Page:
Daniel "Gus" Gerard (2010)

Former Laurel Highlands High School basketball star Gus Gerard has taken a long and winding road - experiencing the euphoria of success as a high school, college and pro basketball star and the depths of despair associated with drug and alcohol addiction.


Gerard was a late bloomer who had modest tools as a junior high player and then blossomed into a star in high school.

“In eighth grade I was tall and gangly, but I loved to play,” Gerard recalled. “In ninth grade I started and played pretty good and was the second best player next to Rick Hauger on our team. It was the Donora game at Donora and I played the first half of the JV game and I don’t even believe I scored a point and coach Taylor told Marty Fagler not to send me out for the second half of the JV game because he was going to play me varsity that night. Not only did he play me, but he started me and I ended scoring 39 points and getting 19 rebounds and that started it.”

Gerard credits his high school coaches with his development as a player.

“Before practice every day and after practice I played one on one with assistant coach Ron Fudala and he would literally physically beat the crap out of me,” Gerard stated. “He would body me up and push me around and made it hard for me to even get a shot off. He told me years later when I was home one time - that he would never let me know it, but he used to go home and he was so sore after playing all of those games against me. And I was the one who was sore and thought I was getting beat up, but I guess I was giving it right back to him but didn’t realize that I was. Before and after practice he would always take me aside and do one on one drills.”

He has great respect for his head coach Harold “Horse” Taylor.

“He was a legend - obviously and as an eight and ninth grader when I first got interested in basketball they won the state title and Horse was a legend along with Abe Everhart and Lash Nesser all in one town together that was a pretty unique situation,” Gerard offered. “Horse was a huge influence on me. He knew that my Dad worked late and I didn’t have a car and I used to walk to practice. I would to walk to games from my house on O’Connell Avenue all the way up to North Union High School. One time after practice it was a blizzard outside and he picked me up as I was walking home and he said what are you doing? I said I’m walking home and he asked if I had a ride and I said no - my dad is working. He said get in, he didn’t know and asked how long have you been doing this? I said all year. He got Dave Strcula who used to have a car and he would come and pick me up and take me to practice.”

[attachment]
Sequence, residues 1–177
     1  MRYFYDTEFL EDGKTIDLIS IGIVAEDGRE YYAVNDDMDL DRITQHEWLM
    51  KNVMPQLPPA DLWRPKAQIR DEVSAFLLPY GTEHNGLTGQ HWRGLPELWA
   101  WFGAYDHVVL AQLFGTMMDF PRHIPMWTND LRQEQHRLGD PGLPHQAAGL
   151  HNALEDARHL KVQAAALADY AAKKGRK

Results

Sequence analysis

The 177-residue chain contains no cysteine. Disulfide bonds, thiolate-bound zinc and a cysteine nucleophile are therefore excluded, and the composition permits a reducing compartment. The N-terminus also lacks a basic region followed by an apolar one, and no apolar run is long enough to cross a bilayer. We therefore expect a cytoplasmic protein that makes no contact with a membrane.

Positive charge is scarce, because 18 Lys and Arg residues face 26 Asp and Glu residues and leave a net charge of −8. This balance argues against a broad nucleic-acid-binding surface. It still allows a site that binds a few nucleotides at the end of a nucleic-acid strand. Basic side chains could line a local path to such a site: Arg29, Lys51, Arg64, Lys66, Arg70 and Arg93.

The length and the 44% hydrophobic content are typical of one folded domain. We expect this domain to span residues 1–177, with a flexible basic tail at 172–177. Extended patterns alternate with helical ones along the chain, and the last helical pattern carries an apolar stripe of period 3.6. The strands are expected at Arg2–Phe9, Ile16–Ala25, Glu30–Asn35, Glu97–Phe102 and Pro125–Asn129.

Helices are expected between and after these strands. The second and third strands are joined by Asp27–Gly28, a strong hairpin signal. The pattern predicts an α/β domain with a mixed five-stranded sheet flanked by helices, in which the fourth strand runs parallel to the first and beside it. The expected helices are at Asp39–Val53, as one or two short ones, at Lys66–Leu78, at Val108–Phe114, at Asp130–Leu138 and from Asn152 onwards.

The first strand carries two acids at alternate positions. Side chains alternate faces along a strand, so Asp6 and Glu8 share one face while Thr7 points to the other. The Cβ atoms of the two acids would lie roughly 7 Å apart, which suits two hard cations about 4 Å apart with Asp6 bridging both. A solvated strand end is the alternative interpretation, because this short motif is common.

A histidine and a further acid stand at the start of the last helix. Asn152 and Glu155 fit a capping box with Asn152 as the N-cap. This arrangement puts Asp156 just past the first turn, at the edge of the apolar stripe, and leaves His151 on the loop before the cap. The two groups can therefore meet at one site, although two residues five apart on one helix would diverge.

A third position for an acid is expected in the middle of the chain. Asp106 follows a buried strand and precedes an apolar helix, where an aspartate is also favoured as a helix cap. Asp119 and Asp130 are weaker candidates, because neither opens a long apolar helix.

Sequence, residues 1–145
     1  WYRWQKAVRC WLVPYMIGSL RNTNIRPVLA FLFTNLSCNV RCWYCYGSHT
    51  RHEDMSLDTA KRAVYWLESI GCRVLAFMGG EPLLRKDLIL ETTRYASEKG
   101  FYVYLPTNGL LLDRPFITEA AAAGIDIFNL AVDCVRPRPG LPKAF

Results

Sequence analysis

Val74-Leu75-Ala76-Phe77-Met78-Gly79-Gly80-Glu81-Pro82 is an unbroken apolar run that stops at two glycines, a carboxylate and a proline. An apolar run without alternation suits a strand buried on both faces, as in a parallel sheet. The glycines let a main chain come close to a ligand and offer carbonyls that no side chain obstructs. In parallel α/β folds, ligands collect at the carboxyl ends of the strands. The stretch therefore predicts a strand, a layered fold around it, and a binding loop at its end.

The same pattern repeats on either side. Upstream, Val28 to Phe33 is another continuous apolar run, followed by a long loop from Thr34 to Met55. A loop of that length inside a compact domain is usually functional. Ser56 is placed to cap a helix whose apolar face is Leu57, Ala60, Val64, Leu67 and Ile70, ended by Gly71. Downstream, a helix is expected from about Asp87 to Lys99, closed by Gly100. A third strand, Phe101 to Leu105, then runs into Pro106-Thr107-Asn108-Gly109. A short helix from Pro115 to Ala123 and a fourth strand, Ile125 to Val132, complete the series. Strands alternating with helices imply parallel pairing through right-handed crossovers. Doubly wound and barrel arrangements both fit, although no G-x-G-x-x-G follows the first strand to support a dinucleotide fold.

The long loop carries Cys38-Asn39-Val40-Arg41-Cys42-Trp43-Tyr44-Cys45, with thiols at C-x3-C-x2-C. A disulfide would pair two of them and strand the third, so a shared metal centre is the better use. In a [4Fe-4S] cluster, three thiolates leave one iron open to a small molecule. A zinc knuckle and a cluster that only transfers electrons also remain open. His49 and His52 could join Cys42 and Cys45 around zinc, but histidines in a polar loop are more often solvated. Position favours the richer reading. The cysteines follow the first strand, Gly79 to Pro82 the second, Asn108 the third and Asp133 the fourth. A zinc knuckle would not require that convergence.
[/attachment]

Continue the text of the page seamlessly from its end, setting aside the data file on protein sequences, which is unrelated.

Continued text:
Gerard had a great high school career, but would have liked to have won a WPIAL title or state championship.

“It was a double-edged sword,” Gerard said. “We had a very good team, but so did Uniontown and the Red Raiders got hurt very badly when Jes Hutson hurt his foot. Had he been healthy - I don’t know if we would have won the section. Back then they only took one team from a section. Uniontown was really good that senior year and when Jes came back and we had split that year and we had a playoff game at California. That was one of my highlights and best memories and Jes did come back and played well on really one and a half legs. A lot of college coaches were there - I remember Dean Smith and Bill Guthridge from North Carolina were there and Bill Gibson and Chip Connor from Virginia, Lefty Driesell was there from Maryland. There were a ton of college coaches there and I had an awesome game and that’s one of my fondest memories. Our crowd was awesome because we hadn’t beaten Uniontown my sophomore or junior years and we finally beat them and the crowd came out on the court and that was a good highlight.